Sex offender to remain free despite new law
SALT LAKE CITY (AP) — A convicted sex offender who faces nearly two dozen charges in Utah but has remained free because of a legal loophole likely will never face trial or be confined to an institution, a prosecutor said Tuesday.
"He falls into this gray area," Utah County prosecutor Craig Johnson said. "For criminal prosecution, we are in an indefinite holding pattern. The proceedings are stayed, perhaps forever."
Lonnie Johnson, 39, was charged in 2007 with 21 sodomy and sex assault counts after police said he had inappropriate contact with his stepdaughter and her cousin. A year later, however, a judge deemed Johnson incompetent to stand trial due to a cognitive disorder.
He spent about two and a half years at Utah State Hospital while doctors worked to make him well enough for trial. But last year they said he had shown little improvement, and he was eventually set free after being deemed beyond treatment.
Prosecutors sought repeatedly to keep Johnson confined, at least long enough to stand trial, but last month 4th District Judge James R. Taylor finally said his hands were tied and Johnson would remain free indefinitely.
A legal loophole in Utah law at the time the charges were filed wouldn't allow a judge to consider Johnson's pending criminal case or his previous rape conviction in Washington state when determining whether he was a danger to society. The judge couldn't order an indefinite commitment to a state hospital.
The Utah Legislature passed a bill in March in response to outrage over Johnson's release that amended the law, allowing the judge to consider previous offenses, and the prosecutor, who is not related to the suspect, said he would seek to have him committed again once the new law took effect.
That happened Tuesday, but the prosecutor said he would not pursue the case because even the new law didn't provide the legal ammunition given the unusual circumstances of the felon's afflictions.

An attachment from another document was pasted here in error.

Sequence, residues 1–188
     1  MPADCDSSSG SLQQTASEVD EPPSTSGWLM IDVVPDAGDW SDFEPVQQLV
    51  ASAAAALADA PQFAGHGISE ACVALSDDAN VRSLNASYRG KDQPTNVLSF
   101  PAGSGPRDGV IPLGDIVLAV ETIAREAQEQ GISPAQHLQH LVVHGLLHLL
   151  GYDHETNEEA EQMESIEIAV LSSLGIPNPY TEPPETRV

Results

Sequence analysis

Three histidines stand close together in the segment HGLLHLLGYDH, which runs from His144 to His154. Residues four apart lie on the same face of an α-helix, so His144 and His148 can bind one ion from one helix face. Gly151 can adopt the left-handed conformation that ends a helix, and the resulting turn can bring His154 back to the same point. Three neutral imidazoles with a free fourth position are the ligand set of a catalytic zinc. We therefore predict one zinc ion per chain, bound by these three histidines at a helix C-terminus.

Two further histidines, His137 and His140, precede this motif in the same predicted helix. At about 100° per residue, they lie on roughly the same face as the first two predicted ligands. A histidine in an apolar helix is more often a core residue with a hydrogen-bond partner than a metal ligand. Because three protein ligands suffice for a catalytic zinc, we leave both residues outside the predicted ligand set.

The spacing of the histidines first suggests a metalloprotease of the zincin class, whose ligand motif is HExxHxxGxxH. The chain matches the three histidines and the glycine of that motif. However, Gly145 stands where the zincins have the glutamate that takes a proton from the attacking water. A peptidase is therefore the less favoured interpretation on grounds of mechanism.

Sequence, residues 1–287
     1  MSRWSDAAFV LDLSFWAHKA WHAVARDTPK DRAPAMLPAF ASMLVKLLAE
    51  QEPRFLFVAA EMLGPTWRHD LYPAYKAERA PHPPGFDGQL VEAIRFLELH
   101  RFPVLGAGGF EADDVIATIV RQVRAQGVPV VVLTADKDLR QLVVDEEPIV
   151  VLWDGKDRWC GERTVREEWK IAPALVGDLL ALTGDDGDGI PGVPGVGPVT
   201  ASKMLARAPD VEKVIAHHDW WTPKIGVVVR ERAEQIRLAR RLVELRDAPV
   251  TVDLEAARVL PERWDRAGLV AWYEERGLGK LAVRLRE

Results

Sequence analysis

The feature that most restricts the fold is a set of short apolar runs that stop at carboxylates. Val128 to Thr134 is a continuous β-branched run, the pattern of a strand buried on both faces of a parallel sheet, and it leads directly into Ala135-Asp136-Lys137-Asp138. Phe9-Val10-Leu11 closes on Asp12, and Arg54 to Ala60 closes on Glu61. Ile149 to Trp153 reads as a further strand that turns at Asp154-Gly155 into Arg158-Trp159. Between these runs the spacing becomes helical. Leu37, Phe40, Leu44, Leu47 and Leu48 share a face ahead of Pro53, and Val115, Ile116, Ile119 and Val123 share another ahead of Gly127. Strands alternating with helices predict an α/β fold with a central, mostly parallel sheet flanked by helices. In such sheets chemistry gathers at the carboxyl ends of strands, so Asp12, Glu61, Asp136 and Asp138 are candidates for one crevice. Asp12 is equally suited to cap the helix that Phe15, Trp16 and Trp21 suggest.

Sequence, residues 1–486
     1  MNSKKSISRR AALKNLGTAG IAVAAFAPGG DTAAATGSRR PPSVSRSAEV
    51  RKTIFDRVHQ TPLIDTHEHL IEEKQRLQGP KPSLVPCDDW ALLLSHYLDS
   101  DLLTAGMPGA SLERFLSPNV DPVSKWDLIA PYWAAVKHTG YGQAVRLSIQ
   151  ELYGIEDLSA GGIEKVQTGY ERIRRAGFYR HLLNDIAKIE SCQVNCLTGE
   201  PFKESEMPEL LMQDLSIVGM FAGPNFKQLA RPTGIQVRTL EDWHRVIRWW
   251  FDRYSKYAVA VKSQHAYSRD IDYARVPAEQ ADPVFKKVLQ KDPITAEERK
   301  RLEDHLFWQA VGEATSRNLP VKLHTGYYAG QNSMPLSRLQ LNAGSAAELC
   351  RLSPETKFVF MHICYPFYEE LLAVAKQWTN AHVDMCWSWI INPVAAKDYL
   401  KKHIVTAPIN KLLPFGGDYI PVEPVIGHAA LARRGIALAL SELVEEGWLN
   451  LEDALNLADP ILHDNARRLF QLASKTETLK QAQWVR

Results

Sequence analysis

Doctors have testified at various competency hearings that Johnson has a cognitive disorder from birth that was made worse by a brain injury after he was thrown through a windshield in a 1993 car accident. Several doctors have said treatment to restore his competency would be futile because he also has the brain injury that cannot be fixed with treatment, meaning he could never be made well enough for trial.
"The brain cells are not there," Patrick Panos, a psychologist and University of Utah social sciences professor, testified last month. "There's nothing for medication to impact."
Johnson, the prosecutor, called the case a "one-of-a kind."
"He falls into a very narrow exception in so many areas, falling through the cracks from receiving services to restoring his competence to civil commitment — this rare confluence of disorder," he said Tuesday. "We don't have any laws, provisions or services in Utah to address the needs of somebody like Lonnie Johnson. And that's frustrating for the victims."
Christy Danner, the mother of one of the two girls authorities say was abused in Utah, said in April she feels the system has let her daughter down.
Danner, whose daughter gave her permission to speak publicly about the case, said her deepest fear is that another child might be harmed.
Johnson is under no restrictions or court orders governing his conduct, movement or association with young children because his probation from Washington state has expired. He is living with his parents in Alpine, Utah, about 30 miles south of Salt Lake City. The only legal stipulation Johnson faces is to keep his whereabouts updated on Utah's sex offender registry because of his previous Washington state conviction for rape.
His family has maintained the Utah allegations are false. They have repeatedly declined to comment.
Johnson's public defender, Thomas Means, also said his client denies the Utah charges and has pleaded not guilty.
"Officially, he's not competent, so I feel uncomfortable talking about facts and circumstances in the case," Means said. "He's too mentally ill to be prosecuted, and the nature of his mental illness is not something that can be restored."
The prosecutor said that while his decision not to pursue the case further is obviously upsetting to the victims, "ultimately the Constitution protects Mr. Johnson's due process rights, and part of those rights is being able to understand the charges."